Pioneer researcher at Harvard University
From 2009, the innovation produced by the international team of Harvard Department of Physics, under the supervision of the Greek Professor Efthimios Kaxiras, led the effort for the production of cheap energy to whole different paths. His methodology is based on cheap, environment friendly, nano materials, which copy the patterns of nature, accumulating energy from the sun.
The applications of such a production of energy are numerous. In Japan, nano biomolecules are used as raw material to cover the surfaces of external walls, or to everyday household activities. In 1977, Efthimios Kaxiras enters the National Technical University of Athens, in the Department of Electrical Engineering. In the next year, he is granted a scholarship only to continue with his studies at the MIT, in the Physics Department. Three years later comes his graduation, and from that point he continues with his Ph.D. in Theoretical Physics in Solid materials, and graduates in 1987.
During the next two years, he works as a Postdoctoral Research Associate in IBM research division (he had collaborated in the past with IBM during his Ph.D), and then as a Consulting Research Physicist in the Naval Research Laboratory, Washington. His academic career started in 1991 in Harvard, when he worked as an Assistant Professor in the Physics Department. Four years later he becomes an Associate Professor, and in 1998 he becomes a (full) professor. In Harvard, he teaches Quantum Theory of Solids (in bachelor and master students) not only in theory, but also in practice. He there collaborates with a large group of researchers and has his own lab. It’s worth mentioning that a lof of Greek students were offered the chance to participate in his research group.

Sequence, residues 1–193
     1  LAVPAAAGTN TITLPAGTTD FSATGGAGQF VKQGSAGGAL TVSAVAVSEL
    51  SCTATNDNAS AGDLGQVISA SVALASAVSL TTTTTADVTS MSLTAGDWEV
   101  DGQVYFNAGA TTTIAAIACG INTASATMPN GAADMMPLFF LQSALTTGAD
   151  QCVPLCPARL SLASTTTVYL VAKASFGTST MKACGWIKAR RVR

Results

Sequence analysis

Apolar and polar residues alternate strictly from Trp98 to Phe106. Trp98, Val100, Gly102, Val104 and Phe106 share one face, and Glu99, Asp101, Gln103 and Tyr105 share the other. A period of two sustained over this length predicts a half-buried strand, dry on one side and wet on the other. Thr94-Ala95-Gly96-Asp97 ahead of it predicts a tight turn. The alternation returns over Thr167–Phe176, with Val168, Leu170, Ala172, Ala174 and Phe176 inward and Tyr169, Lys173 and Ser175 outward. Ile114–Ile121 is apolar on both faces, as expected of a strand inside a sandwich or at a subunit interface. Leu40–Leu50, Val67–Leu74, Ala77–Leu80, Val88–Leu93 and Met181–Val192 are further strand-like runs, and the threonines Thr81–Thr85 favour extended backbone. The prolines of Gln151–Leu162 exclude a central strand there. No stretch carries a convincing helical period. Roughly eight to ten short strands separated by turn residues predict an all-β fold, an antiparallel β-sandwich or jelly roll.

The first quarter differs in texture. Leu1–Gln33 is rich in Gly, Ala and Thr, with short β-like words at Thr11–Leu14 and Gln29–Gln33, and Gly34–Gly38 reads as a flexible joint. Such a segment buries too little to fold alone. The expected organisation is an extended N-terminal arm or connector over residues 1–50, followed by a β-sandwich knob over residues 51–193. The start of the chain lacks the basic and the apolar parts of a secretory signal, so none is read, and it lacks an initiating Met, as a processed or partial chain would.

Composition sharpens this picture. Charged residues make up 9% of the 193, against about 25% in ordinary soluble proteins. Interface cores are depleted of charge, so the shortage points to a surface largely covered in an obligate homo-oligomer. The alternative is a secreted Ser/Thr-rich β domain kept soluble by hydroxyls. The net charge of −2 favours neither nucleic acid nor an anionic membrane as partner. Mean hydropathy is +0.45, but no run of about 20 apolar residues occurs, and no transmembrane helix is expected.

He has received many scientific honors, he writes reviews in some of the best scientific magazines in the research field, he was and continues to be a co-coorganizer of many scientific meetings, he has participated in the writing of 10 scientific books, and has written more than 170 scientific articles.
His research activities focus on the following domains: Multiscale methods, computational materials and condensed matter physics, and has covered a wide range of topics; examples include: the electronic properties of crystalline and amorphous solids and their dependence on the atomic structure; the physics and chemistry of covalently bonded nano-clusters; growth and catalytic behavior of nano-structured surfaces and interfaces; the nature of electronic states in biomolecules and the function of enzymes; the microscopic origin of brittle or ductile response of solids; the physics of dislocations in metallic and covalent solids and their interaction with chemical impurities; blood flow dynamics in realistic arterial geometries, incorporating cell motion and the effect on endothelial shear stress. A core theme is a multiscale point of view, which aims to realistically capture the behavior of complex physical systems by starting at a fundamental level, with a first-principles quantum mechanical description, and reaching to macroscopic scales.
Efthimios Kaxiras contributed to the development of theoretical methods and the evolvement of computational processes that analyze or even predict the behaviour of defects in solids with very important applications, such as semiconductors. To be more specifiche contributed to the process during which they are created microscopically, developped spatiotemporally and affected by exogenous factors. He has also studied biological systems in order to comprehend and resolve serious dysfunctions that appear in the nanostructures of materials, and to propose possible implementation.